Additional information

How to cite this article: Liu, Y. et al. Enhanced oxidation resistance of active nanostructures via dynamic size effect. Nat. Commun. 8, 14459 doi: 10.1038/ncomms14459 (2017).

Publisher's note: Springer Nature remains neutral with regard to jurisdictional claims in published maps and institutional affiliations.

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Acknowledgements

This work was financially supported by Natural Science Foundation of China (21303195, 21473191 and 91545204), Ministry of Science and Technology of China (2013CB933100 and 2016YFA0202803) and Strategic Priority Research Program of the Chinese Academy of Sciences (XDB17020200). P.L. would like to thank the support from the US Department of Energy, Division of Chemical Sciences under contract DE-SC0012704. DFT calculations were performed using computational resources at the Center for Functional Nanomaterials, a user facility at Brookhaven National Laboratory, and at the National Energy Research Scientific Computing Center (NERSC), which is supported by the Office of Science of the U.S. DOE under Contract DE-AC02-05CH11231. We thank Dr Huanxin Ju and Prof Junfa Zhu from the BL11U beamline in NSRL for assistance with XPS measurements. We thank the fruitful discussions with Prof Miquel Salmeron, Prof Shengbai Zhang, Prof Jun Li, Prof Qiang Fu and Dr Jan Hrbek.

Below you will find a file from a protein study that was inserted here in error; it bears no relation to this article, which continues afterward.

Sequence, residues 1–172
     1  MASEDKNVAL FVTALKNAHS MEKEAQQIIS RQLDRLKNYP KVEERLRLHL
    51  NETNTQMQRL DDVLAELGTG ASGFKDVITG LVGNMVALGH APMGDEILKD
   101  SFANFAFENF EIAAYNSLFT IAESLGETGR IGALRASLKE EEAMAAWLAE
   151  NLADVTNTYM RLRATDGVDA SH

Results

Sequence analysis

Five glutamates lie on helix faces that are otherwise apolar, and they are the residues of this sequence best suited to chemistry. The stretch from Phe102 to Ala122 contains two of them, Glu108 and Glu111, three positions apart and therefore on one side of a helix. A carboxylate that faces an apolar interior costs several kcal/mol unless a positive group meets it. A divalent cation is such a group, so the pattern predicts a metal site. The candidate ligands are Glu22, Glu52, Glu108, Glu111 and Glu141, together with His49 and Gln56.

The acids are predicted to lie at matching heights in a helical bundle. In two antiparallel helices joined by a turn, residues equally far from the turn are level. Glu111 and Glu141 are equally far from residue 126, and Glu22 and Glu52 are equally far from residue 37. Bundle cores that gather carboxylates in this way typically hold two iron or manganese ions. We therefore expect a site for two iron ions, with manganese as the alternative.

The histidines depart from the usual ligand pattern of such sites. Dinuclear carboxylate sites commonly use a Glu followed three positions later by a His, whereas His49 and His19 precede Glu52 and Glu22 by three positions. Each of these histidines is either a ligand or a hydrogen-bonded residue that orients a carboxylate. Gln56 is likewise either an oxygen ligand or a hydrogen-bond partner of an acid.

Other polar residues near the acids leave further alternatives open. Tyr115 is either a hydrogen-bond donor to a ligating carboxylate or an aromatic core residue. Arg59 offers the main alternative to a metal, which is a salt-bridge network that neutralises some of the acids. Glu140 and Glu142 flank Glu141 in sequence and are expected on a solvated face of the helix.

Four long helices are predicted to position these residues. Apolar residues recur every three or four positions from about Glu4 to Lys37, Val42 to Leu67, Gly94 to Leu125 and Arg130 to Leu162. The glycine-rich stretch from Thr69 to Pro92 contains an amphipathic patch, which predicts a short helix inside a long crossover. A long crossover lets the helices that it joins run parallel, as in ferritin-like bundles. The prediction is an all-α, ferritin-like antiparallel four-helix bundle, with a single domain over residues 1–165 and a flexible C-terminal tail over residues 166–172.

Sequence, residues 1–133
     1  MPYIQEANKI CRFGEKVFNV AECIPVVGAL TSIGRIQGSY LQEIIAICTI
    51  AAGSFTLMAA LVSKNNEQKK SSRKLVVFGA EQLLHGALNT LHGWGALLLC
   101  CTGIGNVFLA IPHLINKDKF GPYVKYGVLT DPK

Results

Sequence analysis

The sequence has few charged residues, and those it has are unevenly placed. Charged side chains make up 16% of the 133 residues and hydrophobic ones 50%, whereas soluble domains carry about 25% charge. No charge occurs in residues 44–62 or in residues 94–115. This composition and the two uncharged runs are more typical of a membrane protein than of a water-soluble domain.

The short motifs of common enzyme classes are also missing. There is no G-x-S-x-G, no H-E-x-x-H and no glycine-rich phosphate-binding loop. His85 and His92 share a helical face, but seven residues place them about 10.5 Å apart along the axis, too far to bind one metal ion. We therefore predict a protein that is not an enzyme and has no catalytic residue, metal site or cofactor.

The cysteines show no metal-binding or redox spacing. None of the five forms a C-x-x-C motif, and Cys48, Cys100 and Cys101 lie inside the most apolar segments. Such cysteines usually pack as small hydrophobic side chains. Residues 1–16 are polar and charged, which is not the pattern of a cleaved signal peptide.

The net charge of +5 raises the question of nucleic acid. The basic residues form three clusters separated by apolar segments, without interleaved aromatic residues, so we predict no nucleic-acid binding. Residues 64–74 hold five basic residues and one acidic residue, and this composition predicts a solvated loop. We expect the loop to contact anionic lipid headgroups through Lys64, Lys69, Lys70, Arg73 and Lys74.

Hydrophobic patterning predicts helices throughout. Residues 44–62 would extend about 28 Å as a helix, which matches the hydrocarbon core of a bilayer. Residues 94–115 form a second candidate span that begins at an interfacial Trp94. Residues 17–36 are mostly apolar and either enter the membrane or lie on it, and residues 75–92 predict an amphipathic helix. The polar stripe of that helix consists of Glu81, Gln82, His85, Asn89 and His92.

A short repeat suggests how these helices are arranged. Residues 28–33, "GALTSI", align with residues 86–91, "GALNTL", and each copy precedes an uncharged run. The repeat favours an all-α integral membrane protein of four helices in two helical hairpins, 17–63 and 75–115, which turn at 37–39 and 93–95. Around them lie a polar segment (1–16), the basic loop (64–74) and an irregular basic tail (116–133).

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Y.L., Y.Z., Q.L., Y.N., H.C., W.H. and F.Y. carried out STM, STS and XPS experiments. J.X., L.Y., Z.Z. and P.L. performed DFT calculations. F.Y., Y.L. and X.B. analysed the data and wrote the paper. X.B. and F.Y. designed and supervised the work.

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Correspondence to Fan Yang or Xinhe Bao.

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Supplementary Figures, Supplementary Notes and Supplementary References. (PDF 5571 kb)

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Liu, Y., Yang, F., Zhang, Y. et al. Enhanced oxidation resistance of active nanostructures via dynamic size effect. Nat Commun 8, 14459 (2017). https://doi.org/10.1038/ncomms14459